I am swapping motors on my parents 96 duratec sable wagon. This is due to a broken valve spring and dropped valve, leading to a shattered piston which took out a chunk of the block.
Anyway, I am at the parts store last night and start talking with a guy who said he had to put 2 engines in his car because the first one he swapped locked up after he had it up and running for 45 minutes. He said he found out after, that you have to prime the engine by taking one of the allen plugs out that are the side of the head and connect some plumbing from it to a can which you put about 2 quarts of oil into and connect up an airline to the other side of this can. Then rotate the crank and watch until you have oil coming up the rockers.
Is this the proper procedure? I know when you change oil you can prime by holding the throttle to the floor. Will this not work with an engine that has been sitting awhile?
Try that prime with an engine that is " sitting too long " and you will not have a engine for long. Don't know where you got that idea from.
Chipset, which priming method are you referring to? The first came from a guy at the parts store and the second one about putting the accelerator to the floor I've read several places online. It is the same as pulling the fuse to the fuel pump as Ford programs their ecms to protect the engine from flooding by cutting the fuel when starting at WOT.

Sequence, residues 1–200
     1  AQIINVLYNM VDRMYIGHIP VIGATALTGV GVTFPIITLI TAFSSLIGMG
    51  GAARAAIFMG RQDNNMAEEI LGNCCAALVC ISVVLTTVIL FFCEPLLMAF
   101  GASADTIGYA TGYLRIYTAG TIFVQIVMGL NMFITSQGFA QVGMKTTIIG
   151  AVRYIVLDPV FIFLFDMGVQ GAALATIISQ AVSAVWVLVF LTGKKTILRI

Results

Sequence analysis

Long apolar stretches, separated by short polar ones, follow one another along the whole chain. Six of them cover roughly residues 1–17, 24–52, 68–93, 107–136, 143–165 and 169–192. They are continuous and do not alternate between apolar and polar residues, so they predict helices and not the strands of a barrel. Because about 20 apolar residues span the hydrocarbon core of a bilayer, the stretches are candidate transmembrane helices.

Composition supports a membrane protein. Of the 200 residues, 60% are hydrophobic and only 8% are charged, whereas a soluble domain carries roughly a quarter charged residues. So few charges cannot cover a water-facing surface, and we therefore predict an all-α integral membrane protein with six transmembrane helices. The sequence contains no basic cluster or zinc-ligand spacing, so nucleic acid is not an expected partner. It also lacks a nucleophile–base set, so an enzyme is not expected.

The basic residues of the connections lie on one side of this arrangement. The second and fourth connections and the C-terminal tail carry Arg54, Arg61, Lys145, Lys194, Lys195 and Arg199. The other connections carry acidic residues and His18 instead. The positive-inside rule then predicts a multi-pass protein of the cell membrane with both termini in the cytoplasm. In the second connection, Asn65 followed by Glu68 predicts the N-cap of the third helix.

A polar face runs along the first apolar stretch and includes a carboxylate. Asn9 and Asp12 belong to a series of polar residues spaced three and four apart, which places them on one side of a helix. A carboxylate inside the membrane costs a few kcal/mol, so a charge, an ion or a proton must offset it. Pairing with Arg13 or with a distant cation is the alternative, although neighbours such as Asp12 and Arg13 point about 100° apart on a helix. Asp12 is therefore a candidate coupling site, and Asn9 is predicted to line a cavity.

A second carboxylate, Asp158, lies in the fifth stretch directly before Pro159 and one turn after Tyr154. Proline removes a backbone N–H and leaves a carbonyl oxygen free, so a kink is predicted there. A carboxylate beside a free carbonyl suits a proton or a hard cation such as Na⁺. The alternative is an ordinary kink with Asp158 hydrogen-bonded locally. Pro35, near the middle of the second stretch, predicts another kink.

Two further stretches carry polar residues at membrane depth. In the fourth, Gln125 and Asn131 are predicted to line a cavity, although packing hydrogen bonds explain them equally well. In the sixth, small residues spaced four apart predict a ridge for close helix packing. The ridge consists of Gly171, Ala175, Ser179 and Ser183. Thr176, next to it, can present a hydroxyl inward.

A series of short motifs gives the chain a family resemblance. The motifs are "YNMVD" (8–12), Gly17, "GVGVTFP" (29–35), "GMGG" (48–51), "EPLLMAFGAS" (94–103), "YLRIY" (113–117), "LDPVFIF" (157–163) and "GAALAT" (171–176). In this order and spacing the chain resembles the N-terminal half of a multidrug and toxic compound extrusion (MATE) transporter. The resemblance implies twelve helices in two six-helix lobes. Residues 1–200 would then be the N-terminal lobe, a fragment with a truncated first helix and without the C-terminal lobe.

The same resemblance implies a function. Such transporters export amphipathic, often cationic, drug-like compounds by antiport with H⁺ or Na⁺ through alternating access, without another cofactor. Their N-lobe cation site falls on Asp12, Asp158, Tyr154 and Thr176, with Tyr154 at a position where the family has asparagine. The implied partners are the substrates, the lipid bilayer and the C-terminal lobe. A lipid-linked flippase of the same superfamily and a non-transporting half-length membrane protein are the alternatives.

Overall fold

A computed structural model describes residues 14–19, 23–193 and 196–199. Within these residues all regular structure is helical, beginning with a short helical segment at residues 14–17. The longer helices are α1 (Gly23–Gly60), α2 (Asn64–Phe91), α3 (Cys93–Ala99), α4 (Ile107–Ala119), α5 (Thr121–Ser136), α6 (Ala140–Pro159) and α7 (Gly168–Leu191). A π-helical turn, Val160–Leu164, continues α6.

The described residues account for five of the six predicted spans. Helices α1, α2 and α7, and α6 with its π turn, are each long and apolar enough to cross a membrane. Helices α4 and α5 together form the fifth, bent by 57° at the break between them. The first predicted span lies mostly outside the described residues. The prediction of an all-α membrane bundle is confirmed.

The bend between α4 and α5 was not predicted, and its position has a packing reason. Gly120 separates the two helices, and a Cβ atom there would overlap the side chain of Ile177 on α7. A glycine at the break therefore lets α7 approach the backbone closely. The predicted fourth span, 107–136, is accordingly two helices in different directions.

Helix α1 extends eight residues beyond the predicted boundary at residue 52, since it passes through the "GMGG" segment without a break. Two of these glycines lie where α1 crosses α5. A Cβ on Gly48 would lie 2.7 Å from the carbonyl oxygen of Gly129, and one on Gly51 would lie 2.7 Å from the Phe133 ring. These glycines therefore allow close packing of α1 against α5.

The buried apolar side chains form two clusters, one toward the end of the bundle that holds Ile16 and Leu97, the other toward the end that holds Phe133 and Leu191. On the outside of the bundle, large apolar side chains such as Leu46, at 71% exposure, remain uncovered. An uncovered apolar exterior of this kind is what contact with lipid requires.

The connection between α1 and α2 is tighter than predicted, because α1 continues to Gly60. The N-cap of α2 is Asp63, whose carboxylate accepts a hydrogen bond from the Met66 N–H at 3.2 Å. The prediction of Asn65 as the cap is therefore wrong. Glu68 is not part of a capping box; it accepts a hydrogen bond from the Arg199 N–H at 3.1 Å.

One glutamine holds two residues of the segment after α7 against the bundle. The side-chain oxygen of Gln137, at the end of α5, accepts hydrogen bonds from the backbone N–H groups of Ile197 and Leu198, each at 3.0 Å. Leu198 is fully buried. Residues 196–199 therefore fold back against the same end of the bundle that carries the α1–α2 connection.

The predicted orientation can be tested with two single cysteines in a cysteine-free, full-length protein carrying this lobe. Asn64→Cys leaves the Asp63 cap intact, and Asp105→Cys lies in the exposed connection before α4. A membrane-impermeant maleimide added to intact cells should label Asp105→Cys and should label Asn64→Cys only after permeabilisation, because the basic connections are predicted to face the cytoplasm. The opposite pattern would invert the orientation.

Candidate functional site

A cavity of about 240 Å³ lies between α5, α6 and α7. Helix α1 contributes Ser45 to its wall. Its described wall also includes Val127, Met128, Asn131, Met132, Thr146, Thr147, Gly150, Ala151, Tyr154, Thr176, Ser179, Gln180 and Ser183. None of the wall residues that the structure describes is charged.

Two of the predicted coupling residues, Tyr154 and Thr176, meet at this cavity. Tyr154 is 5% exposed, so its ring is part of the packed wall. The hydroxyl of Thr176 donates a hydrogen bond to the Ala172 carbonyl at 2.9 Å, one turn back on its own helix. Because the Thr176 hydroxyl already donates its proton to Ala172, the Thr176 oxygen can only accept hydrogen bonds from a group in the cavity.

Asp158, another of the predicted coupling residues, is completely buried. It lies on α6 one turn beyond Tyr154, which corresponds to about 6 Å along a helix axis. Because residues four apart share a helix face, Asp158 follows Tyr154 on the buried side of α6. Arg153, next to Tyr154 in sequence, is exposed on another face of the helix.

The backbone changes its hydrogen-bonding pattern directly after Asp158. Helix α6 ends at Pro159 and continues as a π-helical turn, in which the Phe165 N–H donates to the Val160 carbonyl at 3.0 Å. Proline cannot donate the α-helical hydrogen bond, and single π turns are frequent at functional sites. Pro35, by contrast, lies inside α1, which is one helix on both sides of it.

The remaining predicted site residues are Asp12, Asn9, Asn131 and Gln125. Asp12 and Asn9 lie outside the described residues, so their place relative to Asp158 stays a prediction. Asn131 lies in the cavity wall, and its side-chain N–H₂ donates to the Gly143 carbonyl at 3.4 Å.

How would you go about priming an engine similar to mine? It had been in a salvage yard for 1 year.
As long as there had been oil in the engine at one time and ran there is no reason to
force oil through it by pulling the allen plug. and yes that is usually done with a brand new engine that has never run and had no oil in it. I do it sometime. Just change the oil and fill the filter as best you can before installing it. If there is any dirt or snot in the oil gallery when you pressurize it you will spread it all through the engine. Let the filter clean it up. I've had engines sitting 11 years and they start and run with oil pressure
just fine without priming and not putting the peddle to the metal. Don't worry about it.
Change the oil and filter and let her rip. DON'T PUT IT TO THE FLOOR. You could very
likely see a rod peeking through the block. Even it you do put it to the floor the rev
limiter will kick in. It will not go over 3000 rpm and surge like crazy. Ford guaranteed
his flathead V8 to run without oil for 7 miles providing it did have oil in it and ran at one
time. There are only 4 rod bearings in a flathead. V8. If you have to prime any engine the way you describe there is something very seriously wrong with your oil pump.
The WOT trick to disable the injectors may work. But, what if it catches and runs on whatever was left in the intake? Belt and suspenders theory of Anti-Murphy optimism is to disable the ignition and disable the fuel pump. Pulling fuses seems to be a good way to accomplish that. They come out easily, and likely have a label on the underside of the cover.
If the engine sat for that many months, I'd be thinking about removing all the spark plugs, dumping a tablespoon of oil in each plug opening, and then, with spark and fuel disabled, cranking it over until the oil pressure warning light extinguished. That would be at ~5psi... That would make sure there was some lube on the cylinder walls, and that oil had reached all the gallery spots before the engine loaded the bearings and such with combustion pressures.
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